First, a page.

Oded Ezer re-imagines a Middle Eastern visual language that fuses Jewish, Muslim and ancient Babylonian elements into a groundbreaking contemporary look. By nurturing new visual contexts, leaning on Hebrew contexts and visual awareness of the eastern historical field, Ezer asks to establish an innovative dialogue by breaking cultural, lingual, territorial and political boundaries.
Ezer wishes to base his work on historic visual treasures of the Middle East and it’s overlapping cultures. His goal was to restore, update, rephrase and create this graphic and typographic imagery while borrowing from rich Jewish-Muslim artistic territories.
20th century visual communication field in Israel, Ezer’s native ground, draws constant inspiration from the modernist and postmodernist European imagery and remains undistinguished. A tremendous potential is yet to be defined within Semitic cultures and geographically near space. Can a new Israeli design language be formulated, based on Middle East symbols? This question led Ezer to create a series of projects, ranging from print to digital, from type to images.
In this poster, Ezer aimed to create a modern arabesque, inspired by Zaha Hadid’s work. The use of Ezer’s Kadim typeface, interlaced with itself, demonstrates an organic expression of flexibility and flow. The Middle Eastern search continues, looking for a visual message which is both traditional and contemporary.
The poster doubles as a homage to the Israeli play writer Hanoch Levin, using fragments of dialogues from his play. The lyrics, talking about a woman leaving Israel for London, are connected and resemble flight routes.
Ode to the Middle East
The movable dialogue simulates a mysterious dance between the two figures, is inspired by ancient Egyptian recognized images. To support the concept, Ezer chose to use a poem by Joseph Ozer, discussing boundaries established by the west. The text is set in Ezer’s Yemenite styled Kadim typeface, and the forms relate to protective incantation bowls from Syria. Every aspect of the poster calls for a new alternative, which is appealing and intriguing.
The poster, revolving around repetition is an endless, rounded discussion, thoughtfully crafted by Ezer, between the rich sources of inspirations from the Middle East. Designed in collaboration with Shany Dvora, the poster was displayed in ‘Overview’ exhibition at the Design Museum Holon, Israel.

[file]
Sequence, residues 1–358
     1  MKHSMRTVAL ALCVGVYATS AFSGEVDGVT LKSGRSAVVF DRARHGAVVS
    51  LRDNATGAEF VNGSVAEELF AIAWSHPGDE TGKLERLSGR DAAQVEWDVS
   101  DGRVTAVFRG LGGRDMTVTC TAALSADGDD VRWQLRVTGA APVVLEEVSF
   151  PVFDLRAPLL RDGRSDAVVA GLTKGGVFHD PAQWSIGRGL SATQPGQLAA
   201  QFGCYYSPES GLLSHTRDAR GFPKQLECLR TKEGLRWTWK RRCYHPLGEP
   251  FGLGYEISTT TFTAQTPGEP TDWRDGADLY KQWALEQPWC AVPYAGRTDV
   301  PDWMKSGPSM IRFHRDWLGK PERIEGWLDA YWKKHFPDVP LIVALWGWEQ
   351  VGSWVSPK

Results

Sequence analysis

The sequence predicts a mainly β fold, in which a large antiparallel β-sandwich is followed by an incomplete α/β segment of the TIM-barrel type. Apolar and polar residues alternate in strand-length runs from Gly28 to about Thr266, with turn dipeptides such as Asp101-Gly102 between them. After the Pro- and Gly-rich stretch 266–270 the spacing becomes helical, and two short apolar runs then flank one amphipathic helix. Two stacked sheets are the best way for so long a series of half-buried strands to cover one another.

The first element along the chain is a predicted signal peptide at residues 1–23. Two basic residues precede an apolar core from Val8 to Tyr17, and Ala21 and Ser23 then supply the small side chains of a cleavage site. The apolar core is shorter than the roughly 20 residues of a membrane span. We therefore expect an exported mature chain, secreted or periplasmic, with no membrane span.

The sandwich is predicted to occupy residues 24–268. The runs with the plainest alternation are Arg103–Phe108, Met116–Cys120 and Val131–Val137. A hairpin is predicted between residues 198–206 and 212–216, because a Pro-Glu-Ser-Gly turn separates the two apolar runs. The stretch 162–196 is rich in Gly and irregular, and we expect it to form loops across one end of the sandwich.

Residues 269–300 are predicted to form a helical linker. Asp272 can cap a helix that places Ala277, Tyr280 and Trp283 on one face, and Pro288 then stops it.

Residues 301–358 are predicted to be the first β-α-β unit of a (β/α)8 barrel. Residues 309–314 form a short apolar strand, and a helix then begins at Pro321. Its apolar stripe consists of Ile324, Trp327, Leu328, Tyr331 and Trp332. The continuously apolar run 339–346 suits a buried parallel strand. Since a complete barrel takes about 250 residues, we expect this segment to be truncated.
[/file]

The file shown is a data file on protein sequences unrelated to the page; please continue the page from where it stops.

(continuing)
On the way to Babylon
On the way to Babylon is an animated poster with a printed version reacting to an invented story of space travel in which all the planets are the known earth. An alternative reality in a tapestry layout, where Middle Eastern awareness blurs concepts of center and margins.Ezer created a parallel existence: A Middle Eastern, non-European space of cultural hubs rather than a nation based centers.
In this futuristic narrative, multiple earths are contributing to the existence of dialogue through repetition. Ezer chooses to gaze out from his window and fly to Babylon, where history leans towards the multicultural and Spatial rather than hierarchical.
Kadim and Lilith typefaces
Kadim typeface is the outcome of a dialogue between Oded Ezer and the great century Yemenite Jewish writer and scholar Saadia al-Adani. His exquisite handwriting from 1222 was taken as a starting point to the typeface.
Design features include emphasizing the horizontal strokes, rounded arches, and extended letter width. The skeletal letterforms, typical of the style were preserved, such as the unique horizontal Alef.
Lilith typeface is named after Lilith, a demon, woman figure in the Jewish mythology, appearing in the Babylonian Talmud. The typeface is based on handwriting from 1380, with playful and sophisticated details.
Both typefaces, designed especially for this project and are not available for retail, relay on traditional models, yet allowing contemporary influences to inform the final result.
A tremendous potential is yet to be defined within Semitic cultures and geographically near space
Can a new Israeli design language be formulated, based on Middle East symbols?
The poster, revolving around repetition is an endless, rounded discussion, between the rich sources of inspirations from the Middle East
An alternative reality in a tapestry layout, where Middle Eastern awareness blurs concepts of center and margins
The skeletal letterforms, typical of the style were preserved, such as the unique horizontal Alef
The typeface is based on handwriting from 1380, with playful and sophisticated details